Yellowstone National Park will let in 720 snowmobiles a day — the same as the past three winters — while officials try to form a long-term access plan amid challenges from recreational users and conservationists.
Park spokesman Al Nash said administrators decided to revert to the old temporary plan so they could dive immediately into developing a long-term solution.
The decision marked the latest turn in a decades-long struggle between snowmobile advocates, who want more recreational access, and conservation groups that say too many of the machines degrade the park's natural beauty.
This year in particular has been wrought with inconsistent legal rulings.
In September, U.S. District Judge Andrew Sullivan in Washington, D.C. voiced concern that an earlier park proposal to allow 540 machines daily would cause air pollution and disturb wildlife. He threw out that plan and told the park service to come up with a new one.
In response, park administrators said Nov. 3 that they planned to allow 318 snowmobiles daily while they worked on a long-term plan.
Monday's sudden reversal of that decision followed a second federal judge's ruling in a separate lawsuit.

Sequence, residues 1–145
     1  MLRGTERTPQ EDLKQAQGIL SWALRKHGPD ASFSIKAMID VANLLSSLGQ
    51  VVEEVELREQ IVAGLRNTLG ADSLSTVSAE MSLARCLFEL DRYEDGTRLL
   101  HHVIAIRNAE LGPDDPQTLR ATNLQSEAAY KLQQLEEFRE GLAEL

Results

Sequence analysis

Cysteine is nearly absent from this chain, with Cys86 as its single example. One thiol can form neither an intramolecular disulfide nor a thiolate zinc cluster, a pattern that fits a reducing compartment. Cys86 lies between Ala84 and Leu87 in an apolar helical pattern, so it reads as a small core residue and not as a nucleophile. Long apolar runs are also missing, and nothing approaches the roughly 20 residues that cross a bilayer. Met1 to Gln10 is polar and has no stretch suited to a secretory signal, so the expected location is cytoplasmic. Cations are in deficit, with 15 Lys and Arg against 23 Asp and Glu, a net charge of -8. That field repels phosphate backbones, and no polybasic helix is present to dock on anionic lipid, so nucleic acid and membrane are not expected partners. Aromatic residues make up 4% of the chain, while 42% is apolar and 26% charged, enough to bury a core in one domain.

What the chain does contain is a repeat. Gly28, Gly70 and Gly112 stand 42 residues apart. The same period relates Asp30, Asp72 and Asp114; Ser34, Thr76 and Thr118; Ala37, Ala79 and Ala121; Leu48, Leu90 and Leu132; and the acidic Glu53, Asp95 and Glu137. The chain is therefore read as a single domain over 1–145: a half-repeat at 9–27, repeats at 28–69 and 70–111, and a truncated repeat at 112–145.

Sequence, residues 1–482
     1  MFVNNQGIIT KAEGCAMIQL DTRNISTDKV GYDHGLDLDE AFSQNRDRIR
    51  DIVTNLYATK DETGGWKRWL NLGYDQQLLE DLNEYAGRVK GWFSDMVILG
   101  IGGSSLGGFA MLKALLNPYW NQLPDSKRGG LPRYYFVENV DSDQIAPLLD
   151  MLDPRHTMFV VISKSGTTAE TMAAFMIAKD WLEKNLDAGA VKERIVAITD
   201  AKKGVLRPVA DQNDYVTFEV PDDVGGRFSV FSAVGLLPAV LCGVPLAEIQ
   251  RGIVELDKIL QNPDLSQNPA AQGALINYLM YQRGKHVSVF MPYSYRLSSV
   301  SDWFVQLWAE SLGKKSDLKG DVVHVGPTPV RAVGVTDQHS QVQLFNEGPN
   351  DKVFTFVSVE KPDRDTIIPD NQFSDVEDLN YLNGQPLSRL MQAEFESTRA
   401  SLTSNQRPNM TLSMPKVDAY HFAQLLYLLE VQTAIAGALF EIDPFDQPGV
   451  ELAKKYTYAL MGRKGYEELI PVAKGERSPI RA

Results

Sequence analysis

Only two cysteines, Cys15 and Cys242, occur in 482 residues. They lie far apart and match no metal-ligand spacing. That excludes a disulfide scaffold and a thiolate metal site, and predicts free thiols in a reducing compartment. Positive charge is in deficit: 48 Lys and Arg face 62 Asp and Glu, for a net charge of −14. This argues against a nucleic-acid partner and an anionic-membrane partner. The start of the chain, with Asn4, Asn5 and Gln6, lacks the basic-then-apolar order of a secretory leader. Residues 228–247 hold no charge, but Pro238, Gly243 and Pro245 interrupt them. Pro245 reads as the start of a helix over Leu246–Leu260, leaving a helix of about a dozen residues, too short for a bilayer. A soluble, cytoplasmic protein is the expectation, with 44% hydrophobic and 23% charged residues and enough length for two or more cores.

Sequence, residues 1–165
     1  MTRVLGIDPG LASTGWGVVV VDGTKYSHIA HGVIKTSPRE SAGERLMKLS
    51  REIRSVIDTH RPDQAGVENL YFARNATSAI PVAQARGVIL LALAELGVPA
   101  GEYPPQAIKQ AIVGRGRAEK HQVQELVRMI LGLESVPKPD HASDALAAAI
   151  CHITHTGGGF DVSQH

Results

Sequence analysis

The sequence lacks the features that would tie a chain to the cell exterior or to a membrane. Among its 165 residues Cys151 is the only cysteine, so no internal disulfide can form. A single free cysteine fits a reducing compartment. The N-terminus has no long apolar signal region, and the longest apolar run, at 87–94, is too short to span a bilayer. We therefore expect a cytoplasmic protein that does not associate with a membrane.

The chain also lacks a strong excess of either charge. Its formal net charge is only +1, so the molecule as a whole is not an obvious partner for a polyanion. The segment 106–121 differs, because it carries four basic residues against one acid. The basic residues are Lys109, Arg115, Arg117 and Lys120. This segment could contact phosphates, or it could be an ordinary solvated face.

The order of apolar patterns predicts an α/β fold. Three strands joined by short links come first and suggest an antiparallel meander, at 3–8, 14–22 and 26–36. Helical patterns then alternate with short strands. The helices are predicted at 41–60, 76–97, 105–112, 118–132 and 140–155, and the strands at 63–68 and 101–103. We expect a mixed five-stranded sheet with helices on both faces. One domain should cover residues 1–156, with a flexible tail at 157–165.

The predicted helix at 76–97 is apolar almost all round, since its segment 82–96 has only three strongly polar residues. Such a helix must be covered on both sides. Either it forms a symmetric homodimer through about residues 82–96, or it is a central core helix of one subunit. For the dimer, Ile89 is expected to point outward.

District Judge Clarence Brimmer in Wyoming ruled Nov. 7 that the park could allow 720 snowmobiles daily, a figure in place since 2004 that park officials reluctantly decided on for the 2008 season.
"Our intent with the temporary plan was to be open," and complying with the judge's order accomplishes that, Nash said. "We need to shift our focus to that long term."
Monday's announcement was welcomed in Wyoming, where residents and many elected officials have fought bitterly to preserve snowmobile access. State officials have said up to 950 of the machines should be allowed daily.
"Our view is the parks are there for the people to experience," said Jay Jerde with the Wyoming Attorney General's office. "They should be allowed into the park as long as that access doesn't cause unacceptable impacts."
Conservationists argued that too many of the machines degrade the park's natural beauty.
"They've totally done a U-turn," said Amy McNamara with the Bozeman, Mont.-based Greater Yellowstone Coalition. "It's incredibly disappointing. They were en route to putting a decision in place that would have sent them in the right direction."
Yellowstone officials have said previously that it could take up to three years to come up with a long-term plan. Nash said that timeline is no longer so clear, but he declined to give a more likely schedule.
The 2008 winter season begins Dec. 15.